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For the past year, New Mexico dairy farmer Art Schaap has been pouring thousands of gallons of milk down the drain. His groundwater was found to be contaminated with the so-called forever chemicals, also known as PFAS. Schaap isn’t the only one whose business has been ruined by this hazardous contaminant—PFAS have been found in 43 states so far, tuning up in milk, eggs and fish.

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Short for per- and polyfluoroalkyl substances, PFAS chemicals have long been industrial darlings with many different applications. They line pizza boxes to make them waterproof; they coat cookware to make it nonstick; and they are woven into textile threads to make fabric stain-resistant. Take a look around the house, and you’ll likely find PFAS everywhere, in clothes, carpets, couches and chairs—and even cooking sprays. They have also been widely used in fire extinguishing foams.

In the 1960s, the Naval Research Laboratory developed Aqueous Film-Forming Foams (AFFFs) to quickly and efficiently extinguish fuel fires, which is a difficult and dangerous task. The AFFF foams contain PFAS—the highly nonreactive molecules that are ideal for spraying on smothering petroleum infernos. The Department of Defense began using AFFFs in the 1970s—not only to fight petroleum fires, but also to conduct firefighting exercises.

However, the same chemical properties that make PFAS so effective in fighting fires also make them hard to get rid of. Because PFAS chemicals don’t react with other compounds, they tend to persist in the environment and accumulate—in soil, water, animals and humans—rather than disperse.

Toxicology studies have raised concern about PFAS’s damaging effects on human health. Some studies noted developmental effects on young children and developing fetuses. Other studies have linked PFAS to cancer, immune system disorders, and fertility problems. These findings prompted the Environmental Protection Agency to set strict limits on human exposure to these chemicals.

The problem is that because PFAS have already accumulated in soil and groundwater, they appear in the crops, grass, milk, eggs, and other agricultural products harvested from the contaminated sites.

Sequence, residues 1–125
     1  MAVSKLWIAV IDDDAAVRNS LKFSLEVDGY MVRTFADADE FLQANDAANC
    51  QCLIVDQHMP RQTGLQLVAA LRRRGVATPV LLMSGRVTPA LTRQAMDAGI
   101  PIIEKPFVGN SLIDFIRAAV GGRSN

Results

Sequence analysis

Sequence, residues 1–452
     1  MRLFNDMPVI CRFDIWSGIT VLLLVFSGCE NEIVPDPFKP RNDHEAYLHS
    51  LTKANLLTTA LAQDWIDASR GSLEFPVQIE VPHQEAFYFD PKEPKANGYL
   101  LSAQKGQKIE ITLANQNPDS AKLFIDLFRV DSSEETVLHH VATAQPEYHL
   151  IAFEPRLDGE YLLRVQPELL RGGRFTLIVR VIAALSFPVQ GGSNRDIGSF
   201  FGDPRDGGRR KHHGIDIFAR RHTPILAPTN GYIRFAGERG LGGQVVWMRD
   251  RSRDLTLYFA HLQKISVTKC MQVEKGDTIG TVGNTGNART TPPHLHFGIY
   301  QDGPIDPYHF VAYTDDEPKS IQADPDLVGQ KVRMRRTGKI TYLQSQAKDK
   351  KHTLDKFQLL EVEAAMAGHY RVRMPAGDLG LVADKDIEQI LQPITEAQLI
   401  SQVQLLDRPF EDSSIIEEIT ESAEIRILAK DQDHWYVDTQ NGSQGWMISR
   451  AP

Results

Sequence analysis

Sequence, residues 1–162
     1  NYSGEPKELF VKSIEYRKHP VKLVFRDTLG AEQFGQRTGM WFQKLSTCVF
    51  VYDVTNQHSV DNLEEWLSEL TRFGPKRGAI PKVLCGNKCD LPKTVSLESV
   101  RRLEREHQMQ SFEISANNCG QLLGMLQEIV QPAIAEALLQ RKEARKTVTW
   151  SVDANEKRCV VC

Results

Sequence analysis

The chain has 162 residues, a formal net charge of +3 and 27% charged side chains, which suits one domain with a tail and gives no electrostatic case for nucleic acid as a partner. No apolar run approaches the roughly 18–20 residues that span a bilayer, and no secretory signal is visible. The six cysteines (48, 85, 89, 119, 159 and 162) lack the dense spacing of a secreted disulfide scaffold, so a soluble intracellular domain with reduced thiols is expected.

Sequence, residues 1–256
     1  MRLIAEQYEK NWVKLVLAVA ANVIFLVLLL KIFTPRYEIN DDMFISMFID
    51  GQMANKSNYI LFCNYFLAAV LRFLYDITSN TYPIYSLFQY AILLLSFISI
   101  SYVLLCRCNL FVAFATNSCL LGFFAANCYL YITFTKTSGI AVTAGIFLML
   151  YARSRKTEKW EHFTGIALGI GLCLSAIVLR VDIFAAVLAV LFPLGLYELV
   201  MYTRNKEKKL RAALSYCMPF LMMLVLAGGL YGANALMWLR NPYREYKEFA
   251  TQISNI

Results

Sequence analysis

Because the bonds within the PFAS molecule are so strong, it is hard to find a chemical compound that would bind to them or absorb them, but the US military, and other research groups, are considering several potential candidates—including resins, minerals, biomaterials, carbon based-technologies, and special polymers. Carbon sorbents, which include three different types—powdered, granular and nanotubes—seem to show promise for treatment of PFAS-contaminated soils. So do mineral sorbents, which include certain types of clays and silica, among others.

In 2016, the military tested one such clean up effort in Eielson, Alaska by installing granular activated carbon (GAC) units—and later proceeded to construct the long-term permanent treatment facility next to the wastewater treatment plant. The system went fully operational in February 2018, reducing the PFAS content in drinking water to the FDA-allowed levels.

How many more of these cleanup facilities may need to be built? It’s not clear yet, but one recent study states that there are 26,000 PFAS-contaminated sites across the United States, and six million Americans might be affected by drinking water contaminated by PFAS. The Environmental Working Group believes that number is higher—110 million Americans might be drinking PFAS in their water. And while the majority of these communities are around military sites, the produce generated by the affected farms may be affecting a much greater number of people, adding urgency to the effort.

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The Military Engineer, Vol. 110, No. 716 (SEPTEMBER-OCTOBER 2018), pp. 65-67
Society of American Military Engineers
The Military Engineer, Vol. 110, No. 714 (MAY-JUNE 2018), pp. 53-55
Society of American Military Engineers
The Military Engineer, Vol. 110, No. 712 (JANUARY-FEBRUARY 2018), pp. 58-60
Society of American Military Engineers